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Friday, 10 March, 2000, 16:36 GMT
Mothers 'suffer post-traumatic stress'
Sometimes childbirth can have damaging psychological impact
The experience of labour and childbirth can trigger post-traumatic stress symptoms more commonly associated with disasters and war, say scientists.

A study by psychologists at Sheffield University found that new mothers may experience nightmares and negative and disturbing thoughts and images.

The worst affected seem to be those with unplanned pregnancies and those not accompanied by partners at the birth.

Post-natal distress may be rather broader-based than we had previously thought

Dr Pauline Slade, Sheffield University
Dr Pauline Slade and Dr Jo Czarnocka assessed 264 women within 72 hours of a "normal" birth.

When questioned again six weeks afterwards, one in four women reported experiencing either intrusive thoughts, images or nightmares, actively tried to avoid situations which triggered memories of labour, or showed excessively high levels of wariness.

All these symptoms are features of post-traumatic stress disorder.

However, only 3 per cent showed all these symptoms.

Important factors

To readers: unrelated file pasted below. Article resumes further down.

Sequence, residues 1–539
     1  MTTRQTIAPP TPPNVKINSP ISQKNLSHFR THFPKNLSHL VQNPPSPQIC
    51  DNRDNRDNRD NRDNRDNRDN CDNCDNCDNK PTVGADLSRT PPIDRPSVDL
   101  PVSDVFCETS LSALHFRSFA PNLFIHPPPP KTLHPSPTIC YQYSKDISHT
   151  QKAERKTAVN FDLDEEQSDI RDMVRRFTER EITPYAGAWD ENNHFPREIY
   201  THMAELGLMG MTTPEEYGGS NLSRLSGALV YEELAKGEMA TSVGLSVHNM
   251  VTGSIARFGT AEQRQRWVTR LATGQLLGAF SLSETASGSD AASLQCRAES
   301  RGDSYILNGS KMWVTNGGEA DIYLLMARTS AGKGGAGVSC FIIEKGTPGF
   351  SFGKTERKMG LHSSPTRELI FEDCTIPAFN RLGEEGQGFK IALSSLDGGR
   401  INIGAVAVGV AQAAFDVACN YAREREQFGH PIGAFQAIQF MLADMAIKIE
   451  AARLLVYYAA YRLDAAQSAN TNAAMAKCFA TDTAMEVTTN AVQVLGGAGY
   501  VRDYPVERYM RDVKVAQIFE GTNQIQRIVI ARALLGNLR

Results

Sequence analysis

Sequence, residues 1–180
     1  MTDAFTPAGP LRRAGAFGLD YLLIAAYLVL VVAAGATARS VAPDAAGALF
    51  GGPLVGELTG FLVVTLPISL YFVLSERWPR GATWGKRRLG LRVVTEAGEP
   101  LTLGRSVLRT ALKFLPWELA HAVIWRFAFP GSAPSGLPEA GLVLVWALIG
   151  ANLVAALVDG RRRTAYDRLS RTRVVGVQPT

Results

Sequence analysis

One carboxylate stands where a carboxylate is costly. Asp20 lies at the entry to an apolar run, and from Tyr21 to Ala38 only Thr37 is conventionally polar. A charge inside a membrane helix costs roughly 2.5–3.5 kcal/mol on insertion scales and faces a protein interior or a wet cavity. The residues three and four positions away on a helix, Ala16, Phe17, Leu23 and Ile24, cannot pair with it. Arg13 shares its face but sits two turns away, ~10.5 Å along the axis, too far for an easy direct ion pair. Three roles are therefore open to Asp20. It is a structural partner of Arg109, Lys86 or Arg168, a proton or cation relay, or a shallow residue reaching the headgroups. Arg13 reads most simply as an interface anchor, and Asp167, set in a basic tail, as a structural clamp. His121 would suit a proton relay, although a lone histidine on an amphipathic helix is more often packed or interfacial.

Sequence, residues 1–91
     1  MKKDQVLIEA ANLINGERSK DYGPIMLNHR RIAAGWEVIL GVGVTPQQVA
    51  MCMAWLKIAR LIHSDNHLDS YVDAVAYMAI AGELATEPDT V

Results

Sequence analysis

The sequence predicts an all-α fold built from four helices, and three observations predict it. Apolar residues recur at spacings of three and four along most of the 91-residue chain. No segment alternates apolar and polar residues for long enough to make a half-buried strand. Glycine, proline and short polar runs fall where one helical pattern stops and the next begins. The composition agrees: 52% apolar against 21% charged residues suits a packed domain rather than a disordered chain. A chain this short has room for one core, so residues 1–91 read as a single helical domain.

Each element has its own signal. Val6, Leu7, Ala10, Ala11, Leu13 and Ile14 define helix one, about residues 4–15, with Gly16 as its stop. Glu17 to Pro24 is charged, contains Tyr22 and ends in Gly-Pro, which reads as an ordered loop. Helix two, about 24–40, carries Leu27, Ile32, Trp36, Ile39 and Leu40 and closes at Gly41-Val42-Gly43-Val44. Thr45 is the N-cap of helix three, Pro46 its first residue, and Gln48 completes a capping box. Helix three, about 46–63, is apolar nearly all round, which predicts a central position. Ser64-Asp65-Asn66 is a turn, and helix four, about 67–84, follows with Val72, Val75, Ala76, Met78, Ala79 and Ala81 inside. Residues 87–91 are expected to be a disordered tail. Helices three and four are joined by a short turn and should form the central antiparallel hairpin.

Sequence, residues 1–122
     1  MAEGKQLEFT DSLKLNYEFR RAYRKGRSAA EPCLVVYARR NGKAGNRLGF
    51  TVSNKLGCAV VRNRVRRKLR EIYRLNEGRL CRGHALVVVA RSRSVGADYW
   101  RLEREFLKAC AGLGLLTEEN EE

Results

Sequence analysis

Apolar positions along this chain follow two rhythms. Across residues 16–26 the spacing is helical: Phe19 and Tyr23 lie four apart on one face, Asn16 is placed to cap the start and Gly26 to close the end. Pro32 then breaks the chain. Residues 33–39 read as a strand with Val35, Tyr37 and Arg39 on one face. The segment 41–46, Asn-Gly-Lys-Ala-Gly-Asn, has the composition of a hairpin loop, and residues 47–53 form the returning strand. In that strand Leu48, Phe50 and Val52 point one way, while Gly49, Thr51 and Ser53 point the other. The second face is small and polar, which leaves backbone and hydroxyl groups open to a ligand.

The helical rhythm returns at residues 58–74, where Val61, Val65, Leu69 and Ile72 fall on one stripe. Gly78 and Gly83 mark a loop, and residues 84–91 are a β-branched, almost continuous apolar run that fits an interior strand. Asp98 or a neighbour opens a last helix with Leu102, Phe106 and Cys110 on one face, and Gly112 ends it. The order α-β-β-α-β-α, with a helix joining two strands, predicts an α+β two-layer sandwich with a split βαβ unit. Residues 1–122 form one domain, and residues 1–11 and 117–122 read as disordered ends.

The researchers also looked at what factors influenced the development of these symptoms.

They found the length of labour, the pain of birth and the type of birth did not seem to be important.

Women who were not accompanied by partners at the birth or who had unplanned pregnancy were more likely to suffer, as were those who had experienced prior mental health problems.

Women who felt that they had little control over the birth process were also vulnerable.

Those who were fearful during labour were particularly at risk.

Many of those affected said it had changed their plans about having any future children.

Dr Slade said: "These sorts of post-traumatic stress symptoms had been thought to be likely to occur when people had experienced events outside of the range of normal experience.

"It now seems that normal events such as labour may trigger such responses."

"We need to have an understanding that post-natal distress may be rather broader-based than we had previously thought."

The research will be published in the British Journal of Clinical Psychology.

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